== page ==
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Out of a class of only 48 juniors at Model Laboratory High School, five have been named Governor’s Scholars for 2016.

The school-record quintet will join approximately 1,000 other students from across the Commonwealth for the five-week academic enrichment program this summer, held jointly on three college campuses.

Model also boasts one participant in the Governor’s School for Entrepreneurs (GSE) and one Gatton Academy enrollee.

The five Governor’s Scholars are Nate Frisbie, Harry Moberly, Mallory Smith, Abigail Vicars and Linda Yoder. Mac Ertel was accepted into the Governor’s School for Entrepreneurs, and Harper Sewells will attend the Gatton Academy.

Frisbie, who plans to pursue studies in a science- or math-related field and then a law degree, said his enrollment in EKU classes while at Model had allowed him to “become more responsible and get a feel for what it is like to be in a college environment. I am so excited about this opportunity because it will allow me to learn about possible careers while also having lots of fun with other people from across Kentucky.”

Moberly said Model faculty and administrators, especially guidance counselor Jamie Worley, “encouraged my participation in a wide variety of activities, service to others and leadership opportunities.” He also cited English classes with teacher Rodney Rhodus that prepared him for completing the “lengthy” application and writing his essay. Moberly plans to obtain a degree in economics or accounting and then attend law school.

Model “pushes its students to succeed and compete for opportunities like this,” said Smith, who plans to pursue a career in law. “Model also requires service hours and participation in a club or sport yearly. This push made my whole GSP application come together and has essentially put me where I am today.”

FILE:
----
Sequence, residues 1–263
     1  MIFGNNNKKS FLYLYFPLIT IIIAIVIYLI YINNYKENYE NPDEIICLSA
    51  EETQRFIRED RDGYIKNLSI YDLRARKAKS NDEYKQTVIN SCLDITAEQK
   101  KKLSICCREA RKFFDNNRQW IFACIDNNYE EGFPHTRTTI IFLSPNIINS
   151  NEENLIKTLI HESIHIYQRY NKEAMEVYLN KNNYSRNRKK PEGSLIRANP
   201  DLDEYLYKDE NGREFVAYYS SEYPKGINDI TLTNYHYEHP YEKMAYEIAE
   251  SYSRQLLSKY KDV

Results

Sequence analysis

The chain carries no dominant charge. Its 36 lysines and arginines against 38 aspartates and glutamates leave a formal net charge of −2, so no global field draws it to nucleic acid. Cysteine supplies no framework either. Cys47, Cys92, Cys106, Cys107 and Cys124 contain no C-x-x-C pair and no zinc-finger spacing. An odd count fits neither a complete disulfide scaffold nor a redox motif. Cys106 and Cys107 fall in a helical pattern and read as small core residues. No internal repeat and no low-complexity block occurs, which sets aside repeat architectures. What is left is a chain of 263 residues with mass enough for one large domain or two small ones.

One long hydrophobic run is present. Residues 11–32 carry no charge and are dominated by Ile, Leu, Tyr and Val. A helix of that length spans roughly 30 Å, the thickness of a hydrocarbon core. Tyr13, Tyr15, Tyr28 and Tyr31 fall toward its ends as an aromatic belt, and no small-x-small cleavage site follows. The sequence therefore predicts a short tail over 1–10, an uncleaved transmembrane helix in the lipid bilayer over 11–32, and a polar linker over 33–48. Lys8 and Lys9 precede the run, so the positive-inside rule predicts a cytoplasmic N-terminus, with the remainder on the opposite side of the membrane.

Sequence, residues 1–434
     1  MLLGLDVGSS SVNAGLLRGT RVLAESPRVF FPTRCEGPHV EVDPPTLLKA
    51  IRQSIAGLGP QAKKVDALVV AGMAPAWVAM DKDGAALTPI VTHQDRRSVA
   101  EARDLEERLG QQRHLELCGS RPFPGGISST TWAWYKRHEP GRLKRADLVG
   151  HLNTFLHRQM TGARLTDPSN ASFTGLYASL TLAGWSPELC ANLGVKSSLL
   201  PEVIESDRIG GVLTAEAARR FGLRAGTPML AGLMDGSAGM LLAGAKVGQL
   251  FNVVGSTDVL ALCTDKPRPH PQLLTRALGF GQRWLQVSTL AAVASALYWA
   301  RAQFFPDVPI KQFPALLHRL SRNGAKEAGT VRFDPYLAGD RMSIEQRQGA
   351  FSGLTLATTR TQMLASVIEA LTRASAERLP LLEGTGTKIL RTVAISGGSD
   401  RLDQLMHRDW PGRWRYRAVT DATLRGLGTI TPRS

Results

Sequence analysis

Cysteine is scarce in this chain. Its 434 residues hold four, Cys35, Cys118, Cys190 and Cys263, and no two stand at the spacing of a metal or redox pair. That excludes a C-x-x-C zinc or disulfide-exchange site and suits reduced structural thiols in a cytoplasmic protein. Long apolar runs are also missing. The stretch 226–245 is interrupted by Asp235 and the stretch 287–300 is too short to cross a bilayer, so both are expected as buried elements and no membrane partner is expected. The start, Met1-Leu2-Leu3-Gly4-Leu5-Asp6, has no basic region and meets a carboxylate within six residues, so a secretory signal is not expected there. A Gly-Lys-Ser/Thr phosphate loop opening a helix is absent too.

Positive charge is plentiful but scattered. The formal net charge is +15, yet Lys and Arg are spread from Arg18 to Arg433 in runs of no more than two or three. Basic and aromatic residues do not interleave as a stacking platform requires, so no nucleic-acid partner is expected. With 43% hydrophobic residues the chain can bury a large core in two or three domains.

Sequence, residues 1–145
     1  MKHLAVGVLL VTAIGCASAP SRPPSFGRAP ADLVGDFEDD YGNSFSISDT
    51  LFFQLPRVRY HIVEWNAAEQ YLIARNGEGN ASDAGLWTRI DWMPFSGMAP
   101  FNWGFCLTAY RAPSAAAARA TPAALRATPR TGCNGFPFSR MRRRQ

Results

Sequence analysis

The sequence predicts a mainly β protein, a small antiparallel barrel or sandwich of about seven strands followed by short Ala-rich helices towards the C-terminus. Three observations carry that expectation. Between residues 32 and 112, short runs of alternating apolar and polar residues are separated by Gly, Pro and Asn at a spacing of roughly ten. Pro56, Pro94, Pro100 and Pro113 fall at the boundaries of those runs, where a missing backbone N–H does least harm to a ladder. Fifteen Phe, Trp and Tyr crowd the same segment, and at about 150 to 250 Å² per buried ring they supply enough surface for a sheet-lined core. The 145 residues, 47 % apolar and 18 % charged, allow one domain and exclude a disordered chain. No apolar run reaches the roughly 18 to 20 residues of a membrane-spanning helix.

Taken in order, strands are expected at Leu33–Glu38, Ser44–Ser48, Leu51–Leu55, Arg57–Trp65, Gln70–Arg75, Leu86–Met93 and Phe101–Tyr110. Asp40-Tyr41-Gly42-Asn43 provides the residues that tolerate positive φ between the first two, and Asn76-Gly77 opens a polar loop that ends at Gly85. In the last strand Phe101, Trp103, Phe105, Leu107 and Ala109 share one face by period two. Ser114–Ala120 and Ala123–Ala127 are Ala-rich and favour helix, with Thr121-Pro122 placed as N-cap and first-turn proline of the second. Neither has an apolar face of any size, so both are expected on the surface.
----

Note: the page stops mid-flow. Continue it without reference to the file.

Vicars, who plans to study business and English in college, said her time at Model had prepared her to be a leader, “and to go above and beyond. I will work hard to learn as much as I can while having fun and making memories at the same time.”

Yoder, who plans to pursue a biomedical engineering degree, said her teachers “gave me the confidence to apply and the work ethic to put my full effort into it.”

The Governor’s School for Entrepreneurs, in only its fourth year, was established to encourage entrepreneurial thinking among high school students and give them the tools necessary to turn their ideas for products and services into reality.

Ertel, who wants to pursue a career as a physician or “something with technology,” said he is excited to have the opportunity at GSE to “create something new that could help society.”

Sewells, who will attend The Gatton Academy of Mathematics and Science, a two-year program for high school juniors and seniors housed at Western Kentucky University, said, “The work ethic required to thrive at Model prepared me for the rigorous application process.” Sewells plans a career in science.

Inset photos: Sewells (top) and Ertel (below)